March 17, 2015 — We noticed this place on the map and realized we were going to be driving right by it, and given that our goal on this road trip is to see all 59 national parks and as many of the other national park units as we can, how could we not stop? We were so glad we did, for we really enjoyed our afternoon visit here on our way up to Guadalupe Mountains National Park.
Fort Davis is one of several old Army posts that were established to protect emigrants, freight wagons, mail coaches, and those traveling through the American West during the late 19th century. It sits on the San Antonio-El Paso Road and the Chihuahua Trail, where wood, water, and grass for grazing were plentiful. Backing up to a box canyon provided a protective barrier to the rear and side, and for nearly 40 years (1854 to 1891) the fort’s primary role was to safeguard against Indian attacks and raids.
As the Indian Wars came to an end in West Texas, garrison life at Fort Davis became more routine. The soldiers stationed here repaired roads and telegraph lines, escorted railroad survey parties, and pursued bandits. In June 1891, having outlived its usefulness, Fort Davis was abandoned.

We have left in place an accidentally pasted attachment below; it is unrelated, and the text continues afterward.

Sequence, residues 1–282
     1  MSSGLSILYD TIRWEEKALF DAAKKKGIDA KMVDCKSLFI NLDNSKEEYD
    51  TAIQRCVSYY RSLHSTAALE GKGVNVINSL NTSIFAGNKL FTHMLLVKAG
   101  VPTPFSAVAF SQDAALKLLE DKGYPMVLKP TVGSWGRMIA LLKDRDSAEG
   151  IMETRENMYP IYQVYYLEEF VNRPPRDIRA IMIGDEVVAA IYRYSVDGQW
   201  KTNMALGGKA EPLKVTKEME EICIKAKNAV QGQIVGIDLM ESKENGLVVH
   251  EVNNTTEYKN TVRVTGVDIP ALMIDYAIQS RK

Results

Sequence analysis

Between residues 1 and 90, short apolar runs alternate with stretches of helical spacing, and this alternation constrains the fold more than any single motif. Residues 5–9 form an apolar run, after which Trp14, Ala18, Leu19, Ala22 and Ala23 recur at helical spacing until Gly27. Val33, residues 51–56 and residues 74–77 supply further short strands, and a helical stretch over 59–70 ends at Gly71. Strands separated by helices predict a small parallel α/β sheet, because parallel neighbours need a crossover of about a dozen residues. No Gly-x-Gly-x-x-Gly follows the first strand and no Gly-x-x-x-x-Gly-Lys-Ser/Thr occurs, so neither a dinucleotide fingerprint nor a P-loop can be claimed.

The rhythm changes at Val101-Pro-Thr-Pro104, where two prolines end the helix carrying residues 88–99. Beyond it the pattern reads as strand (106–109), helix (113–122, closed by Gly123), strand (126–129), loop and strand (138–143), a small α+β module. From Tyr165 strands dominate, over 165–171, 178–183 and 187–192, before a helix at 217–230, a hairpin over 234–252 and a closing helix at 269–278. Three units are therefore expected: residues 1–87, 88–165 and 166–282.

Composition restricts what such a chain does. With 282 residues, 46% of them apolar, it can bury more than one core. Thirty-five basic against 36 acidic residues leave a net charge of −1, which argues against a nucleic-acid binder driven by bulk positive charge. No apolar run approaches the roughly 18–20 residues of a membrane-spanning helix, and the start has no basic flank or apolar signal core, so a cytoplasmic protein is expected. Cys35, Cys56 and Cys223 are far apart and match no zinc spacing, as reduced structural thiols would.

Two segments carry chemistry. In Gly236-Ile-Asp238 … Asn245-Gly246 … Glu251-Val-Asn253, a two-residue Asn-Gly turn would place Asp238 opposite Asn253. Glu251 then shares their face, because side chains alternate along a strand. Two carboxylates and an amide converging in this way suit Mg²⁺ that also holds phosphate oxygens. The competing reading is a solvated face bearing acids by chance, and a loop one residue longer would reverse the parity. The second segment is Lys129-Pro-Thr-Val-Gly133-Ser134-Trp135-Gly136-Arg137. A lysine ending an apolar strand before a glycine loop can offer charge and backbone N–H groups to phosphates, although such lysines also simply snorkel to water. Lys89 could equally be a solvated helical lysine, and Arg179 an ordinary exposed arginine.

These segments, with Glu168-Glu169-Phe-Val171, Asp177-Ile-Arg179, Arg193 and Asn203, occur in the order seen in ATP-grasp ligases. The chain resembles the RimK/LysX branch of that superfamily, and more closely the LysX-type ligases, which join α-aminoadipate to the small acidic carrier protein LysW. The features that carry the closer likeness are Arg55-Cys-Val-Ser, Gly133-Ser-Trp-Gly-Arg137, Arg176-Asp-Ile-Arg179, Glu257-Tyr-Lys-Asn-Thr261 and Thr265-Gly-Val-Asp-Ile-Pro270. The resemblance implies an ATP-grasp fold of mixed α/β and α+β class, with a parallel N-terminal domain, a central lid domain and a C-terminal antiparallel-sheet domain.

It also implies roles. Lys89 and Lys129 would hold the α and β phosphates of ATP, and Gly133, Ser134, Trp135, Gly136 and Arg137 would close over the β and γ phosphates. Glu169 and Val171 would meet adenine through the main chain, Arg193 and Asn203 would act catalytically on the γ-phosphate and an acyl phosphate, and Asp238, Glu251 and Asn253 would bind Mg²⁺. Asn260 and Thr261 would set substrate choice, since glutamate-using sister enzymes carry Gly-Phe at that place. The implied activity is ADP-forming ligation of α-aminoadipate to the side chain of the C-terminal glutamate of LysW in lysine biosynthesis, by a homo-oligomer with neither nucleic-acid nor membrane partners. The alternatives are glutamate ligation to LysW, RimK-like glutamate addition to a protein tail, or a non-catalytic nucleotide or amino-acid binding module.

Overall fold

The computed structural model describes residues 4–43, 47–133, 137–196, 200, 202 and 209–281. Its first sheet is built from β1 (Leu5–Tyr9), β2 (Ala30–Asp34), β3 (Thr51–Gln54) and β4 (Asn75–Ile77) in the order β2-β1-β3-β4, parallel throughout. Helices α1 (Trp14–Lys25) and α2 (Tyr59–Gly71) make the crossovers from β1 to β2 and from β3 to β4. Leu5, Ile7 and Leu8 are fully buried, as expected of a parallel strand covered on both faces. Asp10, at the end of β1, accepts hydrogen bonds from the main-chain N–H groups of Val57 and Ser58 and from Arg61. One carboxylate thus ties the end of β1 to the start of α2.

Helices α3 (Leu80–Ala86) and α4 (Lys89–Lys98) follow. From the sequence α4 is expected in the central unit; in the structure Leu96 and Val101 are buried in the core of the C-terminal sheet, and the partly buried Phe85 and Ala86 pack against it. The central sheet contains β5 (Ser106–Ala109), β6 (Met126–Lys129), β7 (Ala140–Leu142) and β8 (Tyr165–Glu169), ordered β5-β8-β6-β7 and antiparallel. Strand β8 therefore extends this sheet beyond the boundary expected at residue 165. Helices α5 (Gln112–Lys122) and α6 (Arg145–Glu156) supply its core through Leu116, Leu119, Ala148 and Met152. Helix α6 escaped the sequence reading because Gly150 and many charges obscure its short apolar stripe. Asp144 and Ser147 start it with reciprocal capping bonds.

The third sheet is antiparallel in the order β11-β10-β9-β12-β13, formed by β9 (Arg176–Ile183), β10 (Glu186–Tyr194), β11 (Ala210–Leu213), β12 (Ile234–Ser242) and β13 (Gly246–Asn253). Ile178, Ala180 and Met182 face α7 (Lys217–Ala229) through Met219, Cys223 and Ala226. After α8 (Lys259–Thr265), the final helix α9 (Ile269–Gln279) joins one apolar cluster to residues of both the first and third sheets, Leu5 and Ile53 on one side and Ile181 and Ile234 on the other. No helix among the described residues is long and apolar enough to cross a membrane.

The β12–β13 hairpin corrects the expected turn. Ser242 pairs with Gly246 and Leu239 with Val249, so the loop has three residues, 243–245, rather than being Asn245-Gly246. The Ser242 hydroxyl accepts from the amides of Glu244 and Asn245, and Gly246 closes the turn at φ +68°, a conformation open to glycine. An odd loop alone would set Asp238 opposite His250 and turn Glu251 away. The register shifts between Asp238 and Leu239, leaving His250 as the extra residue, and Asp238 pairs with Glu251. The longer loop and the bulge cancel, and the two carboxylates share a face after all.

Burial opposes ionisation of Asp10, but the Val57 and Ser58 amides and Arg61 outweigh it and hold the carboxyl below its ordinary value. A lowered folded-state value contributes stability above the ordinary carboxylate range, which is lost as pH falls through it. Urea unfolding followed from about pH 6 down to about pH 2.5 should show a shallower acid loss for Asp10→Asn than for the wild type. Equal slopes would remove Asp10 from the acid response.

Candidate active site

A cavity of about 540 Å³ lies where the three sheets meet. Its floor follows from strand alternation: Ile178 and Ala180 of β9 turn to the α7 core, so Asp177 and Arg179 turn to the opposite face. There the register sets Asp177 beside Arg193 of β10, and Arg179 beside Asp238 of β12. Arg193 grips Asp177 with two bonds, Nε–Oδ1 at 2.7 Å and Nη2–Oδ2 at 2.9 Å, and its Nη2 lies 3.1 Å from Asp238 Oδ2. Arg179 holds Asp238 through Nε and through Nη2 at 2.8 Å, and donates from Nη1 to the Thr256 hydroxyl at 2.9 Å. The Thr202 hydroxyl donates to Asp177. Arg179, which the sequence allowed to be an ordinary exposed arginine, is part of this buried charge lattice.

Fort Davis became a national historic site in 1963, and through a continued program of restoration and preservation, the National Park Service has been able to save many of the structures from the old military post. Today, 20-some buildings are restored, taking them back to the way they were in the 1850s and 1860s. The Enlisted Men’s Barracks, the Post Hospital, the Officer’s Quarters, Kitchen and Servant’s Quarters, the Granary and the Commissary are all available to tour – they’re very well done. Ruins and foundations of other buildings – Storehouses, Privys, Stables and the Corral – all still exist, as well.
In the Visitor Center museum, Fort Davis tells the story of the importance of African Americans in the West and in the frontier military. All-black regiments, known as Buffalo Soldiers, were posted here, and notably contributed to the settlement of western Texas and southern New Mexico. And as we’ve encountered in many other national park units, the volunteers serving this particular unit really added to our experience. We really enjoyed a talk given by three of them. Dressed in period attire, they told us of what life was like here back in the late 1800’s – living history, indeed, at a fort very much worth visiting.